Gov. Jim Douglas urged Vermont State Legislative leaders this week to make property tax reform a top priority next session. If left unaddressed, rates will skyrocket a staggering $0.22, an increase of more than 25 percent in the next three years.
Lawmakers learned this week that residential and non-residential property tax rates next year will increase $0.02, further adding to the burden of our struggling families and businesses.
The governor has pushed for comprehensive changes for the past several years but lawmakers have not acted to reform our education funding system.
"During this difficult economic time, we cannot allow property taxes to continue to increase on the people of Vermont. We must act quickly to reform our education spending system," said Douglas. "The time for studies and hearings is over. We must act during the next session to address this economic crisis."
In his statutorily required letter to lawmakers making the mandatory, formula driven, property tax rate change, Tax Commissioner Rich Westman echoed the governor's call for action, "Education funding is a fundamental state responsibility. Sustainability and equity are cornerstones of that system and when those fundamentals are in question, solutions and actions are expected. It will be necessary for all of us to engage the very difficult decisions before us with speed and determination, lest Vermonters be further burdened beyond the difficulties of the current recession"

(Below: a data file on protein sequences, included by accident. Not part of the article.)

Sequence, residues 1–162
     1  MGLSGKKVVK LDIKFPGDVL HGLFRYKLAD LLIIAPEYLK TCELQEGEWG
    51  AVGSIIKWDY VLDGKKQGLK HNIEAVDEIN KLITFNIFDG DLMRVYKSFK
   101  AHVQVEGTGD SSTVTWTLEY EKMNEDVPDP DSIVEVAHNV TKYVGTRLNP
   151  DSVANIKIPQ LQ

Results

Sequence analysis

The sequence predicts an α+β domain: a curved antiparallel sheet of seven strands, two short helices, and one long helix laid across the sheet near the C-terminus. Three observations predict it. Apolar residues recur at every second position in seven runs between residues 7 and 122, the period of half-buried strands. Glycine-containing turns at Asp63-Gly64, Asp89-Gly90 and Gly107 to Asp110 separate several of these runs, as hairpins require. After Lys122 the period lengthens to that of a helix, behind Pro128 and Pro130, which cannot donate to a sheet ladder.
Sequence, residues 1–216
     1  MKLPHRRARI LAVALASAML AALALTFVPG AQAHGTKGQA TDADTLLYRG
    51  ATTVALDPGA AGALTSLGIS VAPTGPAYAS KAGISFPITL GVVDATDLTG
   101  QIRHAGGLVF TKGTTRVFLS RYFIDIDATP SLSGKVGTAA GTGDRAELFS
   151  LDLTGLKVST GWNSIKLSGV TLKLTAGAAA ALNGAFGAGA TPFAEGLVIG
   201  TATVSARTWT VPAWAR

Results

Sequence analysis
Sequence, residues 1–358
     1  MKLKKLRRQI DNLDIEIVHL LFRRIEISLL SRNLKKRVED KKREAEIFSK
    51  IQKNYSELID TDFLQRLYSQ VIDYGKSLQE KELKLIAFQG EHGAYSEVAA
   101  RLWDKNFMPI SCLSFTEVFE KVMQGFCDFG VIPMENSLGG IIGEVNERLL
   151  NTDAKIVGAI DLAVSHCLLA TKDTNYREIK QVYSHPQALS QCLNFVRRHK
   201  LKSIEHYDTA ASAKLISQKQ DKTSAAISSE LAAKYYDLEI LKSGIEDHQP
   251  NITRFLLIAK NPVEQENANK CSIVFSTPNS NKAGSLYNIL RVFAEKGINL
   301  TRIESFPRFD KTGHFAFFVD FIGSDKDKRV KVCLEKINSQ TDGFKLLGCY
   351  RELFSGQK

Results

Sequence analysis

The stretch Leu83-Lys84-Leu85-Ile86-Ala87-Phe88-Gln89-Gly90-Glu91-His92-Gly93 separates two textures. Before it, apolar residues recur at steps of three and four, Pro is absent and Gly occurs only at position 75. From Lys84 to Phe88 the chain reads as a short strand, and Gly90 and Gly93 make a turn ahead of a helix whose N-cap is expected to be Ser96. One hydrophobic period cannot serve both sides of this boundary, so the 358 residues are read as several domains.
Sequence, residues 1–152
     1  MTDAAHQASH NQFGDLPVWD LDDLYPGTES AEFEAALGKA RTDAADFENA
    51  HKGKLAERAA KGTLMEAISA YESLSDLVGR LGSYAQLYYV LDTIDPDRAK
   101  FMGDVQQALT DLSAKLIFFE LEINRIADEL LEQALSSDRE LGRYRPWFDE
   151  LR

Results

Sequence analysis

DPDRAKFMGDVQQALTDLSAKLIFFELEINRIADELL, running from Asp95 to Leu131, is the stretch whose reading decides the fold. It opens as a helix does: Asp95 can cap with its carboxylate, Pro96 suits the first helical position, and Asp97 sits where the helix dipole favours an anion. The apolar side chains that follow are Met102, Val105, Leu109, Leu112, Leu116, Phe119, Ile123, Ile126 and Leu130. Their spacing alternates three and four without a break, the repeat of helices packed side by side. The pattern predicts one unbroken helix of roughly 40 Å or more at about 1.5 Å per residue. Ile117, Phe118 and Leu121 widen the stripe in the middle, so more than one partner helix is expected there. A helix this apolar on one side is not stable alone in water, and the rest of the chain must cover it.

A previous letter to lawmakers signed by Education Commissioner Armando Vilaseca and Finance and Management Commissioner Jim Reardon outlines comprehensive and responsible proposals for bringing down education spending.
Douglas said he welcomes additional proposals from lawmakers and hopes that they can work together to address the issue.